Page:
And we have a new podcast, LOVING THE STRANGE, which we stream live on Carrie’s Facebook and Twitter and LinkedIn on Fridays. Her Facebook and Twitter handles are all carriejonesbooks or carriejonesbook.

Here’s the link. This week’s podcast is all about strange things people do for luck.

RESOURCES AND LINKS NOT LINKED ABOVE.

https://www.sfgate.com/news/article/Mysterious-black-substance-on-Wells-Beach-is-many-16235442.php

https://www.sfgate.com/news/article/Dog-ejected-from-vehicle-in-Idaho-crash-found-16237347.php

https://www.capecodtimes.com/story/news/2021/06/11/humpback-whale-catches-michael-packard-lobster-driver-mouth-proviencetown-cape-cod/7653838002/

Self-Doubt is an Evil Demon, Banish It, Now, Writer Babies!

Failing one time? It doesn’t make you a failure.
Failing 1,000 times? Still doesn’t make you a failure. You’re only a failure if you decide to be.

That evil inner voice? The butt-face that says you aren’t good enough, that you don’t deserve good things, that you can’t do it?

That little monster is Self-doubt. It hangs out a lot with its big sister, Anxiety. And you don’t have to have them over to play in your head anymore.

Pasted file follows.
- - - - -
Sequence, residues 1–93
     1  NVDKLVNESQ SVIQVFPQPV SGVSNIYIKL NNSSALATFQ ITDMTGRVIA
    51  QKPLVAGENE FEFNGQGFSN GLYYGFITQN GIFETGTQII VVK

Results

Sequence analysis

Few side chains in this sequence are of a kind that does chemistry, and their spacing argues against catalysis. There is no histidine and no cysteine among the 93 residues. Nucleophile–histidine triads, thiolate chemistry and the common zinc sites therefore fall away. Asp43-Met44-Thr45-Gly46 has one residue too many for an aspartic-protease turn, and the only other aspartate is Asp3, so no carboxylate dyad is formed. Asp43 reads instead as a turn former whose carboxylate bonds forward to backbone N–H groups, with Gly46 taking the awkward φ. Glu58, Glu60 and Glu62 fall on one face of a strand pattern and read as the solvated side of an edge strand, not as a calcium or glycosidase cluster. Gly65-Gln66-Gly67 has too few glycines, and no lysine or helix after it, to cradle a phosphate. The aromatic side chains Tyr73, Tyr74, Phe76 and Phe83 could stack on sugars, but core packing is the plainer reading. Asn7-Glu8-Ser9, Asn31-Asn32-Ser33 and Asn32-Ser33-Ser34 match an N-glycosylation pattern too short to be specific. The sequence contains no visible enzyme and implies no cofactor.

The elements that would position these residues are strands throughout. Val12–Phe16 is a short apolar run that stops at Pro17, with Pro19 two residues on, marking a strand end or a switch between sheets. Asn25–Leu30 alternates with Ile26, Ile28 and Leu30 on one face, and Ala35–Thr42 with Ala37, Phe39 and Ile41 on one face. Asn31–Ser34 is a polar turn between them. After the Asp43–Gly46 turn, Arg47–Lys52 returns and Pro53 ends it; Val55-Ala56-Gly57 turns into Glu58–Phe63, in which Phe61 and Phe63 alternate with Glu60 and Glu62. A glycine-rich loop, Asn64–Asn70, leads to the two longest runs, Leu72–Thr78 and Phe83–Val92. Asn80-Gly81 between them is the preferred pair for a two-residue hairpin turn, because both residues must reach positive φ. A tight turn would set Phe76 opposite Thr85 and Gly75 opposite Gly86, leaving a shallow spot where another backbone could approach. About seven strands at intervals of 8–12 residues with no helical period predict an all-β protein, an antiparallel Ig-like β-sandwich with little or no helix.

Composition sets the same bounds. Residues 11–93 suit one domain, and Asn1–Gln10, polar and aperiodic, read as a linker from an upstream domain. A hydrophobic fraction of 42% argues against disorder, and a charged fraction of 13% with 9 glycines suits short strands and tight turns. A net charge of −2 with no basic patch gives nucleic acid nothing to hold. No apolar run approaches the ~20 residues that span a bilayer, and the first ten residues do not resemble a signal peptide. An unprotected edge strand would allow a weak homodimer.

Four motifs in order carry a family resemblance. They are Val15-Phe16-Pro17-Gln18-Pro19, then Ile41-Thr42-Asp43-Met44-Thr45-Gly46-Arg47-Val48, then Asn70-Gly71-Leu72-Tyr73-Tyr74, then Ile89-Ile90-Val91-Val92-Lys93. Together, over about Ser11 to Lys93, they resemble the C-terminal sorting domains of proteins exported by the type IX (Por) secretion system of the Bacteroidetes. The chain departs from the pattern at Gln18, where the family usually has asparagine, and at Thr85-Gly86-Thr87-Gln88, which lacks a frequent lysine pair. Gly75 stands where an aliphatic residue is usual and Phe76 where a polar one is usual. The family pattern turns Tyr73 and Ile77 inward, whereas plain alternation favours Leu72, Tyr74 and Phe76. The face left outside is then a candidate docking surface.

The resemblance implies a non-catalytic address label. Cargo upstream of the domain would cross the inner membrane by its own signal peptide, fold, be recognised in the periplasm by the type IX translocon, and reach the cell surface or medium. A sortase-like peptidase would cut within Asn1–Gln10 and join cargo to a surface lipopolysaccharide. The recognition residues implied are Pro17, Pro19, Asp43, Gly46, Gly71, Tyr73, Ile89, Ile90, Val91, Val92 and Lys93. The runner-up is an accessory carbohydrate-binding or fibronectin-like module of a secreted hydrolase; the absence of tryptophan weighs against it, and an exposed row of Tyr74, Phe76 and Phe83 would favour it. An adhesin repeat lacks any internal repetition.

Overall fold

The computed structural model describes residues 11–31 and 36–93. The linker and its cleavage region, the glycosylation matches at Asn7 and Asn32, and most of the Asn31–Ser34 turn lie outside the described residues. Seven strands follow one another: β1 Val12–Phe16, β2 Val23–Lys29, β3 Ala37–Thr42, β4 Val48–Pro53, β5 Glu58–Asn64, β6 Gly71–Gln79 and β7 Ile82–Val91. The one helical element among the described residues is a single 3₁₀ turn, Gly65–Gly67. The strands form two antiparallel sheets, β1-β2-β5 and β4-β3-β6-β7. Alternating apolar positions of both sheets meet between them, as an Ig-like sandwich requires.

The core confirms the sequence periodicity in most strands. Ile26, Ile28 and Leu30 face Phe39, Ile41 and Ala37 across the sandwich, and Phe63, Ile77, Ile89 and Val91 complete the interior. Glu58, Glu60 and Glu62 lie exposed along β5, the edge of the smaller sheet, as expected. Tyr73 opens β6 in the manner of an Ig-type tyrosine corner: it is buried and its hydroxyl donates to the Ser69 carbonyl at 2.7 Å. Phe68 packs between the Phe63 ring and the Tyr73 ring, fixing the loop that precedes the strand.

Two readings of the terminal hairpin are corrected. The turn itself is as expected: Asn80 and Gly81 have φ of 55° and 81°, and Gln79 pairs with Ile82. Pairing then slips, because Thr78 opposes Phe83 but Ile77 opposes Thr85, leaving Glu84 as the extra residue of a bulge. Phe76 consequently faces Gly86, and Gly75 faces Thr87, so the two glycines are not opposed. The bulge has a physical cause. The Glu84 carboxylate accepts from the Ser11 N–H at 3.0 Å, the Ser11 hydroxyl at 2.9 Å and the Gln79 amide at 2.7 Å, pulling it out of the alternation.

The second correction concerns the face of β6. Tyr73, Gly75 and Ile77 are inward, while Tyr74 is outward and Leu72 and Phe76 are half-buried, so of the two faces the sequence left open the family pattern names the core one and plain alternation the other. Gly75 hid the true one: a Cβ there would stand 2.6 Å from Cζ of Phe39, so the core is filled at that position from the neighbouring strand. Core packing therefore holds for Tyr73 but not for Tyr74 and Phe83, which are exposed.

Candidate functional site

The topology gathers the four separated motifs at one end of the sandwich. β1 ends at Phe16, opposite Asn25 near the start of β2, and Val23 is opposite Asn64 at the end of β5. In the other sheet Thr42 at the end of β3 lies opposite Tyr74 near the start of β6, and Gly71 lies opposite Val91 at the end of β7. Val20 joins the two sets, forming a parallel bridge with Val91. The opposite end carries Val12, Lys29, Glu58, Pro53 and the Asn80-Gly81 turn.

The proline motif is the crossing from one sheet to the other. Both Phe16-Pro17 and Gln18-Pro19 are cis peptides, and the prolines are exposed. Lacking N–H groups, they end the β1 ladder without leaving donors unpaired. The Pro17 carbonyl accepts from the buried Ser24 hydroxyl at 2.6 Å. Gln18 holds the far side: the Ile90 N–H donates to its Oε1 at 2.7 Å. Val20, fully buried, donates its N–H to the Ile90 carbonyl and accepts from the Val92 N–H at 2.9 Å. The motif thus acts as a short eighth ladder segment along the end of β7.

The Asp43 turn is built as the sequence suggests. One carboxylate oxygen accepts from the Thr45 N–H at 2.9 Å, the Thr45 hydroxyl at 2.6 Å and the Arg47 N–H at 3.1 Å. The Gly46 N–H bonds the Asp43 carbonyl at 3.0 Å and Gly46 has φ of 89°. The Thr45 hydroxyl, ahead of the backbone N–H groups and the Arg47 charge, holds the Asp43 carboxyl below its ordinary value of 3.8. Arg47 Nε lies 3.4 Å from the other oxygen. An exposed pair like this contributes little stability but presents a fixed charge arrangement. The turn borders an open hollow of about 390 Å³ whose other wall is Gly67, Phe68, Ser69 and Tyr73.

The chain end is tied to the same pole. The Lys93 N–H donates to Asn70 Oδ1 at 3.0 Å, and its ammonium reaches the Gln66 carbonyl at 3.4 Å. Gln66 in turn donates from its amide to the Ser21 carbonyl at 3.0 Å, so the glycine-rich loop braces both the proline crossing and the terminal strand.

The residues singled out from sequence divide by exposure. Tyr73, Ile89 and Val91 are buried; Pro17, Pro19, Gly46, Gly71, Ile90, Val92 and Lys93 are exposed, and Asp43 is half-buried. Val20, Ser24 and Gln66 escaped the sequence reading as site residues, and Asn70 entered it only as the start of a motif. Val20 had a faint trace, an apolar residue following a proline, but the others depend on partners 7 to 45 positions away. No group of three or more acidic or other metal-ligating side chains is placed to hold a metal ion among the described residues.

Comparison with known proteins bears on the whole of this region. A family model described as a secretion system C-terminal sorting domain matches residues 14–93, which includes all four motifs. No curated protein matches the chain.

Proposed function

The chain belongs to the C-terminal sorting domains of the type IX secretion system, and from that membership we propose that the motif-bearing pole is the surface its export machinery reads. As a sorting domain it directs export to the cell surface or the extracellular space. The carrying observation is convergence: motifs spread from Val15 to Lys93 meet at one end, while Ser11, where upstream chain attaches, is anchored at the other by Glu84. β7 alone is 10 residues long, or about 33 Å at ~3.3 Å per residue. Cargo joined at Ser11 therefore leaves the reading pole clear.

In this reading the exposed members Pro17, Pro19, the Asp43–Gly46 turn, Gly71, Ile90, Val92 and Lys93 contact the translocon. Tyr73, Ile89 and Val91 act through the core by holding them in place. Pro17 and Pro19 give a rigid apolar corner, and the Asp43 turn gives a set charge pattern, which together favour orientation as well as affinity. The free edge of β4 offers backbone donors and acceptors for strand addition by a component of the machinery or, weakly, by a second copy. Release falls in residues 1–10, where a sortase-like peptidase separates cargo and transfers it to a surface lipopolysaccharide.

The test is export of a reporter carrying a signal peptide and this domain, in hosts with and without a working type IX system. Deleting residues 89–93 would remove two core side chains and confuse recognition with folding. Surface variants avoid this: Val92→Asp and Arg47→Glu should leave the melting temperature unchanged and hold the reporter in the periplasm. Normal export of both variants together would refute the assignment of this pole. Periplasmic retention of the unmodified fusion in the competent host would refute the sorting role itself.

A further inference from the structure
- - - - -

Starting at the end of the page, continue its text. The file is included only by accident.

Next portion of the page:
Just this week, we posted our podcast and a guy (editor/writer) on Twitter didn’t like it but posted a link to his own blog and said, “COUNTER POINT.”

His blog was all about not wanting to give out writing advice or talking about his own life/anxiety/whatever issues.

All of that is so fine and good for him for telling the world why he is the way his beautiful self is, but this little bit of me was like:

What? Counterpoint? Counterpoint to saying life is deeper than write what you know?

Counterpoint to what?

And why the hell did you post under my tweet your own link without even having the grace to like mine?

If my blog post (if you even read it) inspired you enough to ‘counterpoint’ why not like it?

And then I had a lot of work to do helping writers and writing my own stories and I let it go.

It was a bit of a win for me, honestly. Because all I want to do is be a better human and one step towards that? For me? It’s banishing Self-doubt.